According to research in the American Heart Association’s Journal, Stroke, postmenopausal women who eat foods higher in potassium are not only less likely to have a stroke, but to die from one as well. Potassium is an essential mineral, and a type of electrolyte, that helps lower risk of heart disease and maintain a healthier heart. It also regulates the fluid and electrolyte balance and helps with metabolism, brain and muscle function.
The Department of Epidemiology and Population Health at Albert Einstein College of Medicine, Bronx, NY, studied 90,137 postmenopausal women, ages 50 to 79, for an average of 11 years. Women in the study were stroke-free at the start, and their average dietary potassium intake was 2,611 mg/day from food, not supplements. Researchers found:
- Women who ate the most potassium were 12% less likely to suffer a stroke in general, and 15% less likely to suffer an ischemic stroke than the women who ate the least amount of potassium.
- Women who ate the most potassium were 10% less likely to die from their stroke than those who ate the least amount.
While the women in the Albert Einstein College of Medicine study had an average intake of 2,611mg/day, the Food and Drug Administration suggests 4,700 mg/day of potassium for healthy people. According to the Mayo Clinic, it’s rare not to get enough potassium from our diet as long as we eat healthy, balanced meals. FYI, junk food is not high in potassium.
If you take diuretics, laxatives, have chronic vomiting and diarrhea or eat less in order to keep your weight down, it’s important to have your potassium levels checked and repleted, if necessary. Some symptoms of low potassium include heart palpitation and rhythm problems, dryness of skin, muscle cramps, numbness and tingling, increase in urine output, fatigue, depression, dizziness, low blood pressure and hair loss. If you have any questions about whether you’re getting enough potassium in your diet, it’s best to check with your doctor.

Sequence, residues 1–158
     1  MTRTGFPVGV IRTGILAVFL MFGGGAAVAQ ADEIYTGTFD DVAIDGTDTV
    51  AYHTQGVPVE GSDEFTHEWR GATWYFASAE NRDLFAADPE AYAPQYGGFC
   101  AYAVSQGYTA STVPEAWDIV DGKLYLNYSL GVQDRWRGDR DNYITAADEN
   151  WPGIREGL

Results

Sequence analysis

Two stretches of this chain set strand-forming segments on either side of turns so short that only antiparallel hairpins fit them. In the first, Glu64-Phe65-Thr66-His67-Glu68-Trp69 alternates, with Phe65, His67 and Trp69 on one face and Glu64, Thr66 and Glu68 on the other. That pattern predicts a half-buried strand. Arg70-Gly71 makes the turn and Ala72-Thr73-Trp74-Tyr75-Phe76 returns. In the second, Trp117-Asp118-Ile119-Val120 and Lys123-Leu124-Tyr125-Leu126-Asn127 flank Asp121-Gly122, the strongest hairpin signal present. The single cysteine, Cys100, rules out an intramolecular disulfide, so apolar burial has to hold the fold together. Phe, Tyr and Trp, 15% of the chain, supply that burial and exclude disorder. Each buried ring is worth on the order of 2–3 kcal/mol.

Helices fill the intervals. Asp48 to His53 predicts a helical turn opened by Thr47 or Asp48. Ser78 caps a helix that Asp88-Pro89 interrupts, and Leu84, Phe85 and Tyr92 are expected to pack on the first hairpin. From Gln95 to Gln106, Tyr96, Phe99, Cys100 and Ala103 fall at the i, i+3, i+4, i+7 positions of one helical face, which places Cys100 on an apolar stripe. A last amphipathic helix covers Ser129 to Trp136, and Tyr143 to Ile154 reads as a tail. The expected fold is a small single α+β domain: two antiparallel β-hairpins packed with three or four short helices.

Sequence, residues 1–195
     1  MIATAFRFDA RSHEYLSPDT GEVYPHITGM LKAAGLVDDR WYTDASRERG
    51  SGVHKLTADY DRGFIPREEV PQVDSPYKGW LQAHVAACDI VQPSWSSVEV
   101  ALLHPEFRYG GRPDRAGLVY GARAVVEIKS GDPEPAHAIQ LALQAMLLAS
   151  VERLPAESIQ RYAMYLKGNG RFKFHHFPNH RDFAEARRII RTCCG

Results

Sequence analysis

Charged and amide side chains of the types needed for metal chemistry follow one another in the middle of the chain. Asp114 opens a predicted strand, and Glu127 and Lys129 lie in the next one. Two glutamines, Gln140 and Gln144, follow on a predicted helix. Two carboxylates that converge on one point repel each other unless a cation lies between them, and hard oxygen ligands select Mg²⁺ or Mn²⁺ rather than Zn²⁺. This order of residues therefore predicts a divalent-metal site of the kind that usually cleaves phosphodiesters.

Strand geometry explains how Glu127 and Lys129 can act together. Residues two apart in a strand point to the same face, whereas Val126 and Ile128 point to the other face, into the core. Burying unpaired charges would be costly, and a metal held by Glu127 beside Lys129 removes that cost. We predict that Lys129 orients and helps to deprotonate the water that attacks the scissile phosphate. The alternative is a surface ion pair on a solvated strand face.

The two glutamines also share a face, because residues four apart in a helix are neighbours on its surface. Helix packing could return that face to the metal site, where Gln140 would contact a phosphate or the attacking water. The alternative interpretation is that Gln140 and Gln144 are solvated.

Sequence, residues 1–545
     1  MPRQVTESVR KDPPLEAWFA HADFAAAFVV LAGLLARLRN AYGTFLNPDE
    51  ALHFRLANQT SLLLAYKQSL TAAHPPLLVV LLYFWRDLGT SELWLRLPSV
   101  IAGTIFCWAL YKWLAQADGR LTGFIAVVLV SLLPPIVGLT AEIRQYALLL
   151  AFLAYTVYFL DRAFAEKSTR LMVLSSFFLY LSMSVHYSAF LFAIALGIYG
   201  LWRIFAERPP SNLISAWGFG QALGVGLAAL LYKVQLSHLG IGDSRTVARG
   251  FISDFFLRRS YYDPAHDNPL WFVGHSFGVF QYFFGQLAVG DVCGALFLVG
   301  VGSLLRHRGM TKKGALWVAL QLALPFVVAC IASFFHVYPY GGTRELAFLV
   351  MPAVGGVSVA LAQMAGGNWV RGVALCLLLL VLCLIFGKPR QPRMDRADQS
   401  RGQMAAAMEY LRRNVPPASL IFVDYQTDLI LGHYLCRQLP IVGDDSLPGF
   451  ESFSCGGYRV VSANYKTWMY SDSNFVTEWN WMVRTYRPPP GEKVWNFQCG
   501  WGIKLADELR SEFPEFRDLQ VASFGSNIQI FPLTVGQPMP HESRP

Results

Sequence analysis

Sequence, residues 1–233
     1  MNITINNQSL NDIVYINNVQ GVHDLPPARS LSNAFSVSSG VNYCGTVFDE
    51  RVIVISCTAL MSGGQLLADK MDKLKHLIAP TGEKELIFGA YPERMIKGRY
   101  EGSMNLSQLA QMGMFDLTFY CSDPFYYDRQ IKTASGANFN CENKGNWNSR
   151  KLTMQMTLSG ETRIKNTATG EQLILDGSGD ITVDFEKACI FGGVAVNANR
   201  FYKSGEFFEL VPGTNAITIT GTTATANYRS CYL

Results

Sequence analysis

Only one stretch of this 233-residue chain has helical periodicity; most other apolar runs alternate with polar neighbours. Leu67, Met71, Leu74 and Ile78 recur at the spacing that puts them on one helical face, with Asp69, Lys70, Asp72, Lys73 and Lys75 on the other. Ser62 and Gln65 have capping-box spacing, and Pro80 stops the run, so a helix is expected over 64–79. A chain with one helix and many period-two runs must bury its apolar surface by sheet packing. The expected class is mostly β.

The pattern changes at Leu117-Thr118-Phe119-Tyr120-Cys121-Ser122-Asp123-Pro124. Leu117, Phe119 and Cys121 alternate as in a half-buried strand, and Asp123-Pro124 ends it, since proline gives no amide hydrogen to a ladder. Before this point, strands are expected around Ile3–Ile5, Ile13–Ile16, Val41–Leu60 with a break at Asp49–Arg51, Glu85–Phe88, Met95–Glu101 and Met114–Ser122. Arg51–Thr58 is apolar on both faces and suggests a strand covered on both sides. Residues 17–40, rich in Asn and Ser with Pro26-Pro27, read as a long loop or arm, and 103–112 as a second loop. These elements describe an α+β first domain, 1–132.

Here are 10 potassium rich foods you might think about incorporating into your diet.
- Kale, Swiss Chard, Spinach and other leafy greens
- Oily Fish like Salmon and Halibut
- Sweet Potatoes or White Potatoes with the skin.
- White, Black and Lima Beans
- Winter Squash
- Tomatoes or Tomato Sauce
- Oranges and Orange Juice
- Bananas, Avocados and Watermelon
- Fat-free or low-fat Yogurt and other Dairy products
This is so true. Even though my potassium level shows as normal on my blood test, I’ve had cravings for bananas and eat plenty of almonds. It makes a difference.
You’re very smart. My cravings are for peanut/almond butter, so I think I have a protein issue, in addition to potassium.
My Potassium levels are frequently low bwcause of the Blood Pressure meds I take. I hate Banana”s so glad to read these other things help! Thanks!
I went to the ER in truly an emergency situation. My potassium was dangerously low. They kept me all afternoon, hooked up to a big bag of potassium in an IV drip. One of my heart meds (condition caused by chemotherapy) causes my low potassium level: the domino effect. I deal with a daily balance. I didn’t want to include that in the blog, because I just wanted to present the facts.
Thanks for this. I have been getting Charlie Horses waking me up and I self diagnosed to uptake my potassium since the weather has been hot and I drink coffee too. Seems to be working.
Thanks, Brenda, for the important info. Like Haralee, I get leg cramps in the night, so I get up and eat a banana or have a glass of almond milk and…voila! Gone!